Extracts and Supplements
You can also take Shiitake as an extract or a supplement. You can buy Shiitake dried, in powder form, capsules, tea, or tincture.
Shiitake Extract Powder
Extract powder is an easy way to integrate Shiitake into your daily diet. It’s particularly good in tea, coffee, and smoothies.
My favorite powder is Naturealm’s Sacred 7 Mushroom Extract Powder. It contains Shiitake along with seven other mushrooms, including Reishi and Chaga. I take it in my smoothies and like its taste.
If you’re looking for a Shiitake only powder, I have had good luck with VitaJing’s Organic Shiitake Mushroom Extract, which comes at a 20:1 concentration.
If you find that you don’t like the taste of Shiitake extract powder, then tinctures are a good alternative. I like Life Cykel’s Shiitake Mushroom Extract with WIld harvested Kakadu Plum Extract.
I recommend Aloha’s Medicinals Pure Shiitake Capsules, 100 % organic and made in America.
RealMushrooms 5 Defenders capsules include extract powder from five different mushrooms; Reishi, Chaga, Maitake, Turkey Tail and Shiitake. They are pricy but are a good choice if you would like to get the benefit of all of these mushrooms.
How to Grow Shiitake Mushrooms
Shiitake mushrooms grow naturally on hardwood trees, especially oaks. For this reason, Shiitake growers usually grow their mushrooms using oak logs.
The concept is simple: get an oak log, and drill holes about one inch apart from each other. You can go all around the log as the log will be standing or leaning against something when the mushrooms are growing.
Then you put Shiitake mushroom spawn into the holes and seal with melted wax so no other fungus can attack your Shiitake.
Rest the log slightly, leaning it on something, (a stone, brick or piece of wood), and leave outside. Keep the log wet by spraying it with water frequently during dry seasons.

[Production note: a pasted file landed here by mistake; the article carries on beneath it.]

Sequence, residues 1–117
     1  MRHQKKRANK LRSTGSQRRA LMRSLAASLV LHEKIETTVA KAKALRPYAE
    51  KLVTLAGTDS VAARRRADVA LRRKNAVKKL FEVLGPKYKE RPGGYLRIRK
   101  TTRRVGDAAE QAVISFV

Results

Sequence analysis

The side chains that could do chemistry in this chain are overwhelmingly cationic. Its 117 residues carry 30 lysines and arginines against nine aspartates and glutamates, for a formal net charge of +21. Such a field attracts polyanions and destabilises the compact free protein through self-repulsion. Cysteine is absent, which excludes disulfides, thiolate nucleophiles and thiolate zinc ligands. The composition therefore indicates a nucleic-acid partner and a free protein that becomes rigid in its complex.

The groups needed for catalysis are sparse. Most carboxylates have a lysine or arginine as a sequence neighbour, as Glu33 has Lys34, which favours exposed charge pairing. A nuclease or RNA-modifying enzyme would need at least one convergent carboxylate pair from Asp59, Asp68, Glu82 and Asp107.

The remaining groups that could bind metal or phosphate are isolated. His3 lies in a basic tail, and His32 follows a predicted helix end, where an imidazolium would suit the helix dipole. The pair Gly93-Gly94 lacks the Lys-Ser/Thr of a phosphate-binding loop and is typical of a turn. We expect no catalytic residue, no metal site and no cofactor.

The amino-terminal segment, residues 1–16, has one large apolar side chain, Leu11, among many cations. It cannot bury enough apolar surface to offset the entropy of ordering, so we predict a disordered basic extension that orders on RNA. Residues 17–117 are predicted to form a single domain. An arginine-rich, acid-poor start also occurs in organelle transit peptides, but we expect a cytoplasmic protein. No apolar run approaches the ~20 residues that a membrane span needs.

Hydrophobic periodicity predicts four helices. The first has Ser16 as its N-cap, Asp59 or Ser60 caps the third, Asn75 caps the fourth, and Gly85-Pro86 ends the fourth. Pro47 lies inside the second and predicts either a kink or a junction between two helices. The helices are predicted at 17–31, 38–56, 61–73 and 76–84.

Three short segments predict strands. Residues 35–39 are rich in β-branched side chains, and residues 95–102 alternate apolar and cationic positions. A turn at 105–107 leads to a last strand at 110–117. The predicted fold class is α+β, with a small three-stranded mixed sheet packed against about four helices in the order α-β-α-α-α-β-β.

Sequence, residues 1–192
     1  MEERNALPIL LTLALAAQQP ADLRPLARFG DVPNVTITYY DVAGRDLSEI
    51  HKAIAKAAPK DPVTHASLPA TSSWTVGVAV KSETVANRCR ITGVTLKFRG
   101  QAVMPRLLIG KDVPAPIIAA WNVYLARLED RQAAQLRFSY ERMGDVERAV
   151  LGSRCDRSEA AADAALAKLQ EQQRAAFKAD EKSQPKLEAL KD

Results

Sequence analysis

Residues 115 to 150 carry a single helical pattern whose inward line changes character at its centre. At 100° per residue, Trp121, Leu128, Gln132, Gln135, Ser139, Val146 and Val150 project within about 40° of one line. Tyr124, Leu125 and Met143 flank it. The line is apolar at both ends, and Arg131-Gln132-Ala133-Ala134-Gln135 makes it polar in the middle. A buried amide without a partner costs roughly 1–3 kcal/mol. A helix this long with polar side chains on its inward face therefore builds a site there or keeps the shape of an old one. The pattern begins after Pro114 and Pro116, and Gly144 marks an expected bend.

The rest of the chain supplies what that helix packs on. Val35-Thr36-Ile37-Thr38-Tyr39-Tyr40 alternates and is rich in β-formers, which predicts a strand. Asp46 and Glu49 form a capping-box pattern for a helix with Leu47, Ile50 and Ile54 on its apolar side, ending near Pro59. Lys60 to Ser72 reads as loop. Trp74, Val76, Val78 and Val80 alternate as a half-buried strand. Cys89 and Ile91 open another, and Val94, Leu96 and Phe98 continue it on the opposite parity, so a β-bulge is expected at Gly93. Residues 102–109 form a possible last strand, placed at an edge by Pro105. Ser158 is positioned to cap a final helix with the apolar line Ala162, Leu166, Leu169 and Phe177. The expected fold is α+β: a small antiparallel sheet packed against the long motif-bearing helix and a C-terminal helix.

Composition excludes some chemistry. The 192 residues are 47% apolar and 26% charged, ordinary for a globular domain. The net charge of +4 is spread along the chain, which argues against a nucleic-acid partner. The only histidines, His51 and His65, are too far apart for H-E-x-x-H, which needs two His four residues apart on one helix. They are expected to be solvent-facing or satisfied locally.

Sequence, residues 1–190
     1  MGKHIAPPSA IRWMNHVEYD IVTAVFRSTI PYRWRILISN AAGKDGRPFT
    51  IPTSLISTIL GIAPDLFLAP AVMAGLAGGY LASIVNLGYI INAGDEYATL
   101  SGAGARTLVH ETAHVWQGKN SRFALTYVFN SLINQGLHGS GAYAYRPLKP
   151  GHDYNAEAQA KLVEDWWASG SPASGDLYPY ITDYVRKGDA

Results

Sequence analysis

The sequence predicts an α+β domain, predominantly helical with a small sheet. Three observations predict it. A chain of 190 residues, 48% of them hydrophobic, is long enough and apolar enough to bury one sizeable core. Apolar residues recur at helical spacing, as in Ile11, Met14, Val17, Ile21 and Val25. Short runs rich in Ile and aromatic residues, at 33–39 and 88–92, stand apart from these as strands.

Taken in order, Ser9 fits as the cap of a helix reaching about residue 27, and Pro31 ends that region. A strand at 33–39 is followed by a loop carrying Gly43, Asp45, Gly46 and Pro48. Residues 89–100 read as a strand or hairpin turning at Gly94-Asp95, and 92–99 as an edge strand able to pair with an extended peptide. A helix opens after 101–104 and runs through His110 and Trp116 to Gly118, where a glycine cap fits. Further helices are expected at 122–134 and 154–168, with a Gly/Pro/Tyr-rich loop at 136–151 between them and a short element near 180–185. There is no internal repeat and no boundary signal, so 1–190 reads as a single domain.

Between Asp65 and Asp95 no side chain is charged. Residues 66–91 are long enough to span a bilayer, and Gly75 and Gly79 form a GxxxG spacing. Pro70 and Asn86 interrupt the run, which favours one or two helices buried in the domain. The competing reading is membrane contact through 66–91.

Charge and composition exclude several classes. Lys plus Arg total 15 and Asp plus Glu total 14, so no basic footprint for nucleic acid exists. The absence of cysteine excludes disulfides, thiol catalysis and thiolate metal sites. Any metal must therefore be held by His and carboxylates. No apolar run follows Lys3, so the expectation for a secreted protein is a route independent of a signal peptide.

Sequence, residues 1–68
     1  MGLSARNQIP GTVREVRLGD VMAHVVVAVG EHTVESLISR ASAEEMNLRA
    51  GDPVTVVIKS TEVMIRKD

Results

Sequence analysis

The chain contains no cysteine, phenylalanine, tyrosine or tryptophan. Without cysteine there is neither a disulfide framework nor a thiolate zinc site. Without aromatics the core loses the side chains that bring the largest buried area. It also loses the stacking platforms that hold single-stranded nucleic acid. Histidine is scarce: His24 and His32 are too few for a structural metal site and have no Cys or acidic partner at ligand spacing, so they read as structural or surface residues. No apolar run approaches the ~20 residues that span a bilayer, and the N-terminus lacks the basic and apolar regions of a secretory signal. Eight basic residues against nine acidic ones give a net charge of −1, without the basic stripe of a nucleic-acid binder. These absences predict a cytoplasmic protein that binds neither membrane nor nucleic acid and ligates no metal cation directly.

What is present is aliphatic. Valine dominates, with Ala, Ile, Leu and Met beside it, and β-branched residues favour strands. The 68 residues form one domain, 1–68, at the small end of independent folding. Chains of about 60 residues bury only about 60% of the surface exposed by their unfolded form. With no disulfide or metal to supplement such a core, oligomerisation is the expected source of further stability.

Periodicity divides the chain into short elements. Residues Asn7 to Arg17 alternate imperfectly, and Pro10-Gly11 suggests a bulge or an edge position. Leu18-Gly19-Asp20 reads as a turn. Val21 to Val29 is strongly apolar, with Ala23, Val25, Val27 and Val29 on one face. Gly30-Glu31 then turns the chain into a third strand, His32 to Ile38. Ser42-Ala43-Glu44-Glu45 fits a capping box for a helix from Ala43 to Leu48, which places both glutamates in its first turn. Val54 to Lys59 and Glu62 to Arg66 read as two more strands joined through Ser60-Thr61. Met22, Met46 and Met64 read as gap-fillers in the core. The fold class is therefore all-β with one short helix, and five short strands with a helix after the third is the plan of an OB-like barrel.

Sometimes Shiitake produce ‘fruit ‘on their own, but if this does not happen, you will need to give them a shock. You can do this by submerging the log in cold water and leaving overnight, then moving it to a shady area and leaving it standing upright, or nearly upright until it fruits.
Where natural fruiting occurs, it usually takes about six months, but if you are going to shock them, it is better to wait at least nine months as the mushrooms will take more time to grow to full size.
Shiitake Mushroom Grow Kits
There are many shiitake mushroom grow kits available, and they make the process much easier.
In many cases, you will have to supply the oak log and drill the holes. The kit will include plugs that you can insert into the holes, and wax that you can seal the holes with.
2 Fun Guys Shiitake Mushroom Log Kit comes with a 12-inch oak log with the holes already drilled and the mushrooms plugs already inserted. All you have to do is stand it up somewhere outside and keep it moist. Be sure to follow the instructions closely: many customer reviews indicate that customers expected the mushrooms to grow right away, but it will generally take several months before mushrooms appear.
How to Store Shiitake Mushrooms
You can store your Shiitakes like many other mushrooms. They will stay fresh for a week or so in a paper bag in the refrigerator. They can also be frozen, dried, or bottled in oil.
Shiitake can be frozen raw, (just slice or chop them first for ease of use), or lightly sautéed before freezing. Some mushroom experts believe freezing brings out more flavor, so you might want to give this a try.
You can put them in a food dehydrator or the oven to have dried Shiitake mushrooms available any time you want to use them. Sun-drying increases their nutritional value if the climate permits. For a detailed explanation of how to do dry Shiitake mushrooms, see my article, How to Dry Mushrooms, A Complete Guide.
To Sum Up
Shiitake are delicious. They offer great taste and many health benefits. They take time to grow, but the process isn’t complicated. If you haven’t already, why not give this mushroom a try? And if you have, then why not try growing them?